3 and 1/2 Non-Linkedin Based Sources on Finding Candidates

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When your Linkedin InMails run out, your inbound applicants just are not cutting it, and you need some additional resources to try an find candidates here are a few ideas to try that just might help you find some great people.

About.me

AOL’s About.me is a free service that lets people create eye pleasing, single page web bios about themselves.  This is also a great site to find people that are easily contactable for recruiting purposes.  If you are using a tool like TalentBin or Remarkablehire they are probably already scouring About.me for results, but here is how to do it manually.

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Or you can do a quick Google site search like this:  site:about.me “ruby on rails”

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Behance.net

Behance.net is a great site for creative people.  From graphic designers to UI developers, you can sometimes find great candidates here.

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Twitter

I do not understand why more recruiters and sourcers are not spending more time where their candidate eyeballs are every single day.  Most recruiting efforts on Twitter is about pushing job posts hoping for interest.  For sourcing, Twitter is more of  a listening tool.  Using search.twitter.com you can find people talking about topics you are recruiting for.  Sure you have to filter through job posts but there are some great candidates there.

Also, Twitter response rate from candidates are akin to Linkedin back in 2006 when everyone replied to an inmail.  A couple quick tips on locating candidates quickly on Twitter:

  • Search profile data via Google or twitter application tools such as TweetAdder.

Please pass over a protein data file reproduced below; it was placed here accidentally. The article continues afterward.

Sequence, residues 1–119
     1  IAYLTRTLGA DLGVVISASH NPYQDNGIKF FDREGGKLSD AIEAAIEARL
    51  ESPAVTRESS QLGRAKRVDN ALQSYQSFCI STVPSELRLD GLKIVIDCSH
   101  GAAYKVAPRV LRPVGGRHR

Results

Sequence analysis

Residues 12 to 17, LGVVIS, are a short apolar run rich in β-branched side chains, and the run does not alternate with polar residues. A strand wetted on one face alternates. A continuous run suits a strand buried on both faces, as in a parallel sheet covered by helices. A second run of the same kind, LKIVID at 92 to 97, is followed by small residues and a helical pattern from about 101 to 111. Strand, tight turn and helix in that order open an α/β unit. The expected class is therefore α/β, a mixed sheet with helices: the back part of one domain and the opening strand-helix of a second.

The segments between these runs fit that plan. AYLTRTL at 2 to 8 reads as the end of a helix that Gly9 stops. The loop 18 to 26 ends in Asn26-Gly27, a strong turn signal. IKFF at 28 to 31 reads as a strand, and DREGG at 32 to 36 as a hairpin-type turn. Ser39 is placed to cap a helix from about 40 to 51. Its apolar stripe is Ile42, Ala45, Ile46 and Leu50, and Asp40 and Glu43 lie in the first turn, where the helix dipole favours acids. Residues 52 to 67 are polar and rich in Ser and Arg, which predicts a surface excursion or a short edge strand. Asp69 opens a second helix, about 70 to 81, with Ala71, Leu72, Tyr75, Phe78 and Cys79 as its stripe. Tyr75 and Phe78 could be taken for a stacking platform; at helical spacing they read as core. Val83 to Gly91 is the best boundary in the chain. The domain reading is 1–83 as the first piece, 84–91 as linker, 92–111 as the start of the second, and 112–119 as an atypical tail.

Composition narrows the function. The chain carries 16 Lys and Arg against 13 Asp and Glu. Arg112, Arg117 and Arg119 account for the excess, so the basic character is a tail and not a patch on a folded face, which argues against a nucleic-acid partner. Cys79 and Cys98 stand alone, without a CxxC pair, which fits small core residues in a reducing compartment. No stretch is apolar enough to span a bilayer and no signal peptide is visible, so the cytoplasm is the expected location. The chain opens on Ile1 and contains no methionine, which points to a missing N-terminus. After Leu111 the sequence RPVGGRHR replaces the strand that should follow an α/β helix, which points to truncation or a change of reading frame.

• Search within conferences.  Most conferences will have an associated hashtag with it, such as #sxsw.  Especially when you look at more focused conferences the people referencing these hashtags are probably within the industry and at least have networks worth of looking through.
  • Run Twitter & Linkedin parallel.  Lots of Linkedin profiles have their twitter accounts listed.  I recommend following them and waiting for a follow back so you can direct message them versus publicly reaching out to candidates.
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1/2: LinkedinLabs.com site search.

Linkedin Labs is where Linkedin tests some of their new applications that eventually wind up one way or the other within Linkedin’s core products.  A year or so ago, Linkedin launched Resume Builder.  With a quick google X-ray you can find people who have done this and quickly grab some great resumes.

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Photo Credit.

 

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Comments

  1. Great tips, Jonah! I can’t wait to share this with my recruiters.

    Shannon Smedstad |
    Reply
  2. Yes yes yes about Twitter! Why wouldn’t companies want to be where their candidates are? I especially agree about the approach many take on Twitter, pushing out tweets about job postings instead of listening. Listening then chiming in at just the right time can make all parties happy. Better yet, have natural conversations on Twitter for awhile, about traveling/sports/anything not about work. Then you build a relationship and the candidate will be more apt to listen later.

    Reply

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